Tuesday, August 13, 2019
Pakistan's foreign minister Shah Mahmood Qureshi said it wouldn't be easy for Islamabad to get support from UNSC as well as the Muslim world against India's decision Kashmir decision.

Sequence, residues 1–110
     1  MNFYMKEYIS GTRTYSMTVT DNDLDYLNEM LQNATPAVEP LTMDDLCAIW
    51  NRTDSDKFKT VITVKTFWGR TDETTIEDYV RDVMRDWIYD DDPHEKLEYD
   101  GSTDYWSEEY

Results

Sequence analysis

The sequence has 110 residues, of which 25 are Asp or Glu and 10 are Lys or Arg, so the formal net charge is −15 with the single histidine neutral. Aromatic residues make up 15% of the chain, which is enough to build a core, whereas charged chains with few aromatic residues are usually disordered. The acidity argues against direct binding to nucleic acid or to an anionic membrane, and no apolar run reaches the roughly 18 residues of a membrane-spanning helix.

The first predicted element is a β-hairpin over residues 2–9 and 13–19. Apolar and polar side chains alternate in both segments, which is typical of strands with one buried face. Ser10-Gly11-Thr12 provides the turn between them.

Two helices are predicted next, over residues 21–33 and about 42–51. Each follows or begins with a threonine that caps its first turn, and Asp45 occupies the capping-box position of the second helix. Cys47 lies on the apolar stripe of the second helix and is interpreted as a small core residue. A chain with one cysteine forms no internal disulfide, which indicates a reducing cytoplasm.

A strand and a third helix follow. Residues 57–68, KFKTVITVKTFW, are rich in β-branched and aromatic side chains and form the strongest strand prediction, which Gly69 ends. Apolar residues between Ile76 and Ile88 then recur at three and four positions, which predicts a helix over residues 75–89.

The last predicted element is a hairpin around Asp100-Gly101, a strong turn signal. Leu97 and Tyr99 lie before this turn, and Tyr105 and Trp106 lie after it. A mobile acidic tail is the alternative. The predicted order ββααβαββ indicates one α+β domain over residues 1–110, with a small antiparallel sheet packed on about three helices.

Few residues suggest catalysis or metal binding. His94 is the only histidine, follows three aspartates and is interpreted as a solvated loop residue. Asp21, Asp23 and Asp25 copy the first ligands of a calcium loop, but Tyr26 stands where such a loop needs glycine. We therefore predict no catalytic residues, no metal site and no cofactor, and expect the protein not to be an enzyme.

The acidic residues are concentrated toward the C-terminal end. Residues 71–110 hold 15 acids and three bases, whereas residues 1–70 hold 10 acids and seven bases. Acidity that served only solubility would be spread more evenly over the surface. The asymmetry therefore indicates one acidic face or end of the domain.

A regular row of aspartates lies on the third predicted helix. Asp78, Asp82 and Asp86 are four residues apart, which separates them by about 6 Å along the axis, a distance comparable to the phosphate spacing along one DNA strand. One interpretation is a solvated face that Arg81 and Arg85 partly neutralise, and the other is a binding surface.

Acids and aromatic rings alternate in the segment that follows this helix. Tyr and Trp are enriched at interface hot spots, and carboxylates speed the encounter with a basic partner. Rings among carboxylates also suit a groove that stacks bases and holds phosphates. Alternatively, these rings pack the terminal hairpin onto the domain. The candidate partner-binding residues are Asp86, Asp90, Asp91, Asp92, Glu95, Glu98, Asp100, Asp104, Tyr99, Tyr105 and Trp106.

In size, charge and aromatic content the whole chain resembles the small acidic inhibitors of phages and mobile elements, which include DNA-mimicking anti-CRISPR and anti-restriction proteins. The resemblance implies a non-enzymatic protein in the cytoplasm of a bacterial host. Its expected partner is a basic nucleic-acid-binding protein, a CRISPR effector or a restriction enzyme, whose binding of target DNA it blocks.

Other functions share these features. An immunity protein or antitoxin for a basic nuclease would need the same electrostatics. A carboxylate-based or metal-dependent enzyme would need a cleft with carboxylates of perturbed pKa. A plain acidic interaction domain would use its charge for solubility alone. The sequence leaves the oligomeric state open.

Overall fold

Tarek Fatah A major shift took place in the Indian subcontinent on Monday when the government of India revoked the special status it had conferred on its only Muslim-majority state – the State of Jammu and Kashmir (J&K). In doing so, India demonstrated a spinal cord of steel, this coming after 1,000 years of Arab, Turkic, Persian and Afghan Islamic invasions, followed by Portuguese, French and British colonization, had reduced it to mere spaghetti. India today stands as tall as the Himalayas and walks as gracefully as the Bengal tiger. As expected, Pakistan invoked its self-styled role as the godfather of India’s Islamists. The country’s military-backed Prime Minister Imran Khan made a barely concealed threat of a nuclear attack unless India revoked its actions taken on its own sovereign territory. Khan told a joint session of the Pakistan parliament, “if we fight a war till we shed the last drop of our blood, who will win that war? No one will win it and it will have grievous consequences for the entire world,” he thundered. Then, as if to mollify his threat of a worldwide nuclear catastrophe, Khan fooled no one by insisting: “This is not nuclear blackmail.” Khan then played the race card: “What they (Indian government) did in Kashmir is in accordance with their ideology. They have a racist ideology … ingrained in their ideology that puts Hindus above all other religions and seeks to establish a state that represses all other religious groups.” India’s actions were taken through a change in two articles of its constitution that won approval in both houses of the country’s parliament. The fact this led Pakistan to threaten nuclear war tells us why so many of us consider the country not just a state sponsor of terrorism, but a threat to world peace under a military that is carrying out a genocide on its own people in the occupied once independent country of Balochistan. India has a peculiarity to its history. Unlike the Persian and Egyptian civilizations that crumbled in the face of Islamic expansionism of the 7th and 8th centuries, India’s Hindu society was able to survive despite the total erasure of Hinduism from the 5,000-year-old Indus Valley Civilization by the Arab marauder Muhammad Bin Qasim and later murderous plunderers such as Tamerlane and the Moguls ending with the looting of its riches and resources by the British. When they finally left in 1947, Britain amputated India’s limbs to partition the ancient land into three, with the Islamic State of Pakistan flanking India on both its eastern and western borders. On paper India had won its freedom in August 15, 1947, but on the ground the ancient plundered land was not free until Monday. Acting in good faith and making India secular to accommodate its Muslim minority, for decades its Hindu leaders distanced themselves from their heritage. India’s first education minister came from a family in Mecca that claimed to be a direct descendent of Prophet Muhammad. In fact, India is the only major civilizational country where you are systematically taught to hate your heritage and glorify the invaders who came to destroy it. And this absurdity is called “secularism.” Anyone standing up for the rights of India’s Hindu heritage of its indigenous and aboriginal population, who took pride in their ancient Vedic texts was labelled by the slur of being an “ultra-right Hindu nationalist,” while those who propagated the total Islamization of India under the Arab doctrine of “Ghazwa-e-Hind” and the eradication of every Hindu Temple were free to claim such hate as being their “right” to practice their faith. But in the words of Bob Dylan, “the times, they are a changing.” India has finally won its freedom from the clutches of those who mock its heritage and wish it harm. Under this new freedom, India’s Hindus, Muslims, Sikhs and Christians will be equals before the law and not hide behind “special status.”